To save content items to your account,
please confirm that you agree to abide by our usage policies.
If this is the first time you use this feature, you will be asked to authorise Cambridge Core to connect with your account.
Find out more about saving content to .
To save content items to your Kindle, first ensure email@example.com
is added to your Approved Personal Document E-mail List under your Personal Document Settings
on the Manage Your Content and Devices page of your Amazon account. Then enter the ‘name’ part
of your Kindle email address below.
Find out more about saving to your Kindle.
Note you can select to save to either the @free.kindle.com or @kindle.com variations.
‘@free.kindle.com’ emails are free but can only be saved to your device when it is connected to wi-fi.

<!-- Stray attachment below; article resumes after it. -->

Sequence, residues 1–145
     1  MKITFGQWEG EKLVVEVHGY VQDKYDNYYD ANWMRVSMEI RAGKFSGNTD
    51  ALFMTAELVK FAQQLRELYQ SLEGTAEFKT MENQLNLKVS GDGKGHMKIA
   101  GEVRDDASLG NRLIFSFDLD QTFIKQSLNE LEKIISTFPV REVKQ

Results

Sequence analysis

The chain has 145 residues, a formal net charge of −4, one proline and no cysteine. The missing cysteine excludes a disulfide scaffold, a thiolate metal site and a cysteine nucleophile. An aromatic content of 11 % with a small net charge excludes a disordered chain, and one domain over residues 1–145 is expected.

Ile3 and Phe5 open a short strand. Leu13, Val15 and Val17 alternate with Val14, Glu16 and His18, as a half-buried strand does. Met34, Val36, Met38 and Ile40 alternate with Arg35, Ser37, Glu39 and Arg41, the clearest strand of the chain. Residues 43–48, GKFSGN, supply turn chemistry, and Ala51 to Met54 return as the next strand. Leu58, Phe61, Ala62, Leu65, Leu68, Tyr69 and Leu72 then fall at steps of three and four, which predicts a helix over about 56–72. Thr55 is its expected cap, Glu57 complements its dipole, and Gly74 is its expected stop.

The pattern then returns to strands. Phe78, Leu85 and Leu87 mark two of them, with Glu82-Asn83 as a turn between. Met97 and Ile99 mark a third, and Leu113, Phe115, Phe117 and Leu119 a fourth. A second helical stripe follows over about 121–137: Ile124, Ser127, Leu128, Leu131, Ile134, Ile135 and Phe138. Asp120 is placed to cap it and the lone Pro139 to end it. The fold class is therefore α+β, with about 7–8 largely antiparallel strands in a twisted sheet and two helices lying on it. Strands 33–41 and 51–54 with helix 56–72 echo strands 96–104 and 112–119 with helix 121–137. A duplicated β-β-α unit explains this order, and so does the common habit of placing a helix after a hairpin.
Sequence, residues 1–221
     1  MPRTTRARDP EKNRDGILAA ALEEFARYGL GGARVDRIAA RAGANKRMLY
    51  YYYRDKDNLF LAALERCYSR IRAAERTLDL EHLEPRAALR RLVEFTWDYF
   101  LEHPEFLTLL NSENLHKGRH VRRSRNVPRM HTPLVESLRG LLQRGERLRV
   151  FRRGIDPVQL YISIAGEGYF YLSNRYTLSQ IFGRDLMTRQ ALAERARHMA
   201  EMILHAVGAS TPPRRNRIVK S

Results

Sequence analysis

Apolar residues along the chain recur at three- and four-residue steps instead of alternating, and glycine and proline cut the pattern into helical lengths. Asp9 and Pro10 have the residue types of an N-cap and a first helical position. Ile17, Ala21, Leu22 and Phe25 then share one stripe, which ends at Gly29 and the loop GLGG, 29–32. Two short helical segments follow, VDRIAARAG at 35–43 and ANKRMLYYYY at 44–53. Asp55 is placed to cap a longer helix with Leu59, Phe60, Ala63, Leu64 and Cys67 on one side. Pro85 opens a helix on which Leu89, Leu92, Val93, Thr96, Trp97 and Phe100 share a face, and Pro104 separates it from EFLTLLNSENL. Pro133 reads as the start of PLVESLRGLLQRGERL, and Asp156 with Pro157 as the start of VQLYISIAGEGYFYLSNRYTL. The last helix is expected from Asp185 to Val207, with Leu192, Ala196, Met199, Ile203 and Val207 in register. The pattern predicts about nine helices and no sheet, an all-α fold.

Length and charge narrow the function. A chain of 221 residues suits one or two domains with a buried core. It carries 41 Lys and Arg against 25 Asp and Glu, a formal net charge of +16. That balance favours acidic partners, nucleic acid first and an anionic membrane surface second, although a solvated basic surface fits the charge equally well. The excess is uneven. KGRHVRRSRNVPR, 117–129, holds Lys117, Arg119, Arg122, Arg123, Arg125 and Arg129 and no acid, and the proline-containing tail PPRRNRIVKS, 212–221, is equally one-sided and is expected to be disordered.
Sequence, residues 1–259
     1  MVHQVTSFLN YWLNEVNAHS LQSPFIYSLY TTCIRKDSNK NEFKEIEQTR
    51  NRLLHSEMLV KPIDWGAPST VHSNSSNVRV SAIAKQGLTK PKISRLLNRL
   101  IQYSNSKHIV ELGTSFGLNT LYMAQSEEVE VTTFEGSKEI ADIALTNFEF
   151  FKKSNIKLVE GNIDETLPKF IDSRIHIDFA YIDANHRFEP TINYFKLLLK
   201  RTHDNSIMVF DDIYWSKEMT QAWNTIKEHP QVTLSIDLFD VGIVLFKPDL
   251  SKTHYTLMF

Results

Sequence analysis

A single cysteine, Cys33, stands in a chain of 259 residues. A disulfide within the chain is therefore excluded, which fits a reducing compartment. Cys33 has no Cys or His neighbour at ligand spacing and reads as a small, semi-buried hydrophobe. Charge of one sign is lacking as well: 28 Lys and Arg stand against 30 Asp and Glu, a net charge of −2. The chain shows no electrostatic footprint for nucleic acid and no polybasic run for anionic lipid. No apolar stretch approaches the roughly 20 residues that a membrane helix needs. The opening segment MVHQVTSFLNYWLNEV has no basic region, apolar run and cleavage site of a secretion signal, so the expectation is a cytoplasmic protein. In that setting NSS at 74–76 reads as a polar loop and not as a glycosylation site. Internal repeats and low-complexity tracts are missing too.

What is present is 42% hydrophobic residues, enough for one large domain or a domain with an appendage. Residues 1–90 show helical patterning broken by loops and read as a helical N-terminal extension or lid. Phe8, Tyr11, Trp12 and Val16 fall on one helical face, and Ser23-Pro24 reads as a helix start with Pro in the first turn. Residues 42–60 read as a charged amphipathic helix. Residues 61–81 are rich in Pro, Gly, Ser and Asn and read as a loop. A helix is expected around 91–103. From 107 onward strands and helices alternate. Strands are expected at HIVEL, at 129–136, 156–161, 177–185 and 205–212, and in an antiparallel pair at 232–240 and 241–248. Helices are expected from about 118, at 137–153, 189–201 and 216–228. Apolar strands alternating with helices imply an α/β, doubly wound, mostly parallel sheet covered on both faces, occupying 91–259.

‘@kindle.com’ emails can be delivered even when you are not connected to wi-fi, but note that service fees apply.
This chapter describes the prevalence of early childhood trauma in the general population of the USA using data from the National Comorbidity Study-Replication (NCS-R). It discusses some of the methodological issues around assessing the prevalence of childhood trauma, focusing on estimates of child maltreatment as a specific example. The chapter explains the risk factors for childhood trauma. The prevalence of exposure to any traumatic event, to any other injury or shocking experience and for most specific event types did not significantly differ by race. Factors associated with greater risk of childhood trauma occur at the individual, family, neighborhood, local, regional and national level; the bulk of research focuses on individual and family factors. Individual factors associated with risk of childhood trauma include demographic descriptors such as sex, age and race/ethnicity, as well as health and behavioral characteristics, including mental health, substance use, sexuality and prior traumatization.
Email your librarian or administrator to recommend adding this to your organisation's collection.